A Case for Quasi-Libertarian Nationalization of Certain Banks

Four years ago, somewhere near the depths of the Great Recession, I proposed that Citibank and Bank of America be merged.  The concern driving that proposal was that the two had become too big to fail and, as such, continued to be a threat to the national economy.  The concept was that merger would facilitate elimination of some redundancies, spinning off of certain business units, and eventual narrowing of the combined banking entity into a size that would be more manageable during future financial crises.

It occurs to me that there may be another approach.  To discourage corporations from enlarging themselves and their risk portfolios beyond a socially safe size, it may be appropriate to institute a process whereby a public bailout necessarily entails public ownership.  That is, instead of a series of potentially costly and controversial ad hoc deals where the government becomes a shareholder or creditor in corporations that may then turn around and exploit the taxpayers who saved them, perhaps the law should require an irreversible governmental takeover of the bailed-out entity.

Nationalization tends to be an unpopular concept, in the U.S., at least partly because governments tend to have poor reputations and/or track records in managing competitive business entities.  That might not be the case if government were managed, staffed, and funded in ways compatible with competitive enterprise.  A potentially workable alternative would be to vest the public ownership in a sort of stock pool, through which each private citizen owns shares in the nationalized entity.  In other words, if there were 320 million Americans, and if the combined net worth of all nationalized entities amounted to $320 billion, then each American would own $1,000 worth of stock in the pool.

The title of this post refers to this as a “quasi-libertarian” sort of nationalization, in contrast to a socialist nationalization where it would be the government, not the citizens, who had actual ownership.  In this proposed quasi-libertarian nationalization, citizens would exercise the powers of stockholders, essentially voting on the management of huge economic units just as they vote on the management of huge governmental units (e.g., President, Congress).  Most likely, many citizens would decide to grant proxy voting rights to board members or others whose views tend to coincide with their own.

Allocation of stock ownership might best be revised annually on the basis of population and the worth of the pool.  To continue the previous example, if the nationalized entities proved successful (or if it became necessary to bail out still more corporations), such that the pool’s net worth doubled to $640 billion, then every American would own $2,000 worth of pool stock.  Similarly, if the U.S. gradually got control of itself and halved its population to 160 million, then that $640 billion pool would mean that each citizen would hold $4,000 worth of pool stock.  It could thus develop that the stock pool would someday encourage responsible attitudes toward reproduction and the granting of citizenship rights.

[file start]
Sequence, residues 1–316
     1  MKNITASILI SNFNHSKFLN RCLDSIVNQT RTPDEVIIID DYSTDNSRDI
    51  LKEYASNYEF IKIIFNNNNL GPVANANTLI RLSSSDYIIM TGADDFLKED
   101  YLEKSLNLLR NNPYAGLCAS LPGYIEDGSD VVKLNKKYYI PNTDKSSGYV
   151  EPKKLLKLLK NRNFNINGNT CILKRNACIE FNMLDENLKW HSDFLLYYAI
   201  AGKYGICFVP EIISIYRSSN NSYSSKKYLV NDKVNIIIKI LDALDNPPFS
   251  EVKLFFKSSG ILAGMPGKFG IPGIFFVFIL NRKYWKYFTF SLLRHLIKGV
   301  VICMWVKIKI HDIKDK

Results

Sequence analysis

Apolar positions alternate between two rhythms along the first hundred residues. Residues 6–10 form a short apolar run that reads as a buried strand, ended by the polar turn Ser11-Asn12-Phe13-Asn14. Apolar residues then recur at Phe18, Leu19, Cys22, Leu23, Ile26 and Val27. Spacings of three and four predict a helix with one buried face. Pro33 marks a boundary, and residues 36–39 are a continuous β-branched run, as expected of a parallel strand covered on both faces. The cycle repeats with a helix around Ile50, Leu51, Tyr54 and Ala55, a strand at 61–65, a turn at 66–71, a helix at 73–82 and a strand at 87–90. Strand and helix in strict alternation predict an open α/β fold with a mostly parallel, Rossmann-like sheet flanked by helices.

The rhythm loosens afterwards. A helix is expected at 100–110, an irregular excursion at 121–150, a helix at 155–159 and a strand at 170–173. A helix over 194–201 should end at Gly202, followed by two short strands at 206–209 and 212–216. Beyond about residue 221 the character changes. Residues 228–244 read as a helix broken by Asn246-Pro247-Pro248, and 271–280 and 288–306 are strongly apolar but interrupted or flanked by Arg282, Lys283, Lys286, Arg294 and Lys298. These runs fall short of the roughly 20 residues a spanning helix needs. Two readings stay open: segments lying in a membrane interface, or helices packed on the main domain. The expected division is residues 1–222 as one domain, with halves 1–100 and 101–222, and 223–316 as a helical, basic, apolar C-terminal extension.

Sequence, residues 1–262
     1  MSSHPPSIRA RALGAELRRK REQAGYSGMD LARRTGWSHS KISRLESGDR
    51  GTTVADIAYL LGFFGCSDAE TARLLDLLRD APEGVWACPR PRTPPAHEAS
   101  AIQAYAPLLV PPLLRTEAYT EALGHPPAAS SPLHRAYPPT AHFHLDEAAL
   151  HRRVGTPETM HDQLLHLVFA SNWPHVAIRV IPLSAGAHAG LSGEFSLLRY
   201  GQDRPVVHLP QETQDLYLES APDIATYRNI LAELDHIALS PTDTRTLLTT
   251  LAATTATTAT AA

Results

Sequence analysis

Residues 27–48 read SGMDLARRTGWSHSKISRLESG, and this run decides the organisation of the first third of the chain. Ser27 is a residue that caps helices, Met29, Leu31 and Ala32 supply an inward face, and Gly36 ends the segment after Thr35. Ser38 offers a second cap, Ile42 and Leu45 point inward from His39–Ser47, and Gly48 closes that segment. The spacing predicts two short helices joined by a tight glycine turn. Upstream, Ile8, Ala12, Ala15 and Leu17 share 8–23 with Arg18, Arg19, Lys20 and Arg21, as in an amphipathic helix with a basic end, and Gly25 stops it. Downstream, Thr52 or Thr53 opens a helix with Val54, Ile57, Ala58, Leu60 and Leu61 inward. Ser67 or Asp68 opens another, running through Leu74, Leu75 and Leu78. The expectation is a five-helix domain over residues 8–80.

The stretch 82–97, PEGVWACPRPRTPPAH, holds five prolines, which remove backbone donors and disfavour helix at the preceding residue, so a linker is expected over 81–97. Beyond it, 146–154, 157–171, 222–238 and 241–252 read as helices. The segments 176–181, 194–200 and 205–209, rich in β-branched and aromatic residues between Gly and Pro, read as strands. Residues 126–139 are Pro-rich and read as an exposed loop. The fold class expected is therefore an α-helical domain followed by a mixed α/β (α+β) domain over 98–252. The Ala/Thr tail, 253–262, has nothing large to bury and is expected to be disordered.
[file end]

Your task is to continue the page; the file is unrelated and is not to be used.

These suggestions imply that stock ownership would be inalienable — that, in other words, people would not be able to buy or sell shares in the pool.  This feature seems advisable for a few reasons.  One is based on observation of nationalization in the former Soviet Union, where shrewd and/or unscrupulous people were able to snap up valuable shares on the cheap, from poorly informed citizens who did not understand what they were giving away.  Another arises from a general sense that there is value in an egalitarian understanding that every citizen is entitled to an equal amount of ownership in nationalized economic entities.

This post appears in this leisure blog because it provides a partial (eventually, perhaps, a full) answer to the question of what we are to do if, as suggested in another post, it becomes advisable or unavoidable to adapt ourselves to a world in which robotics and other developments leave us with far too few jobs to go around (as is already the case on the level of employment globally).  The answer to that problem is that the proposed stock pool, with central management but nationally distributed ownership, could someday grow in size, to such a point that it would become a key part of a social safety net for those without adequate employment income.

Plainly, a stock pool worth $2,000, or even $20,000, would not begin to generate sufficient dividends to pay for an individual’s living expenses.  What is proposed here is merely the initiation of the pool; its growth to the level of the social safety net would require substantial additional measures.  That is not to say that such measures are unimaginable.  To the contrary, it may develop that there are many asset sources that might appropriately be added to the pool.  For instance, there have evidently been many instances in which corrupt governmental bureaucrats have leased federal lands to mineral extraction (e.g., oil, gas, coal) corporations for a fraction of their actual value.  The leasing of such lands would likely have unfolded in a much more transparent and remunerative manner if the outcomes of the process had had direct financial relevance to the entire population.  In other words, private corporate executives are not necessarily the only players whose powers may be trimmed, for the public fiscal benefit, in the event of malfeasance or incompetent administration.  A population interested in creating its own safety net might eventually identify enough mismanaged public assets to provide some protection for those who find extended leisure preferable or unavoidable.

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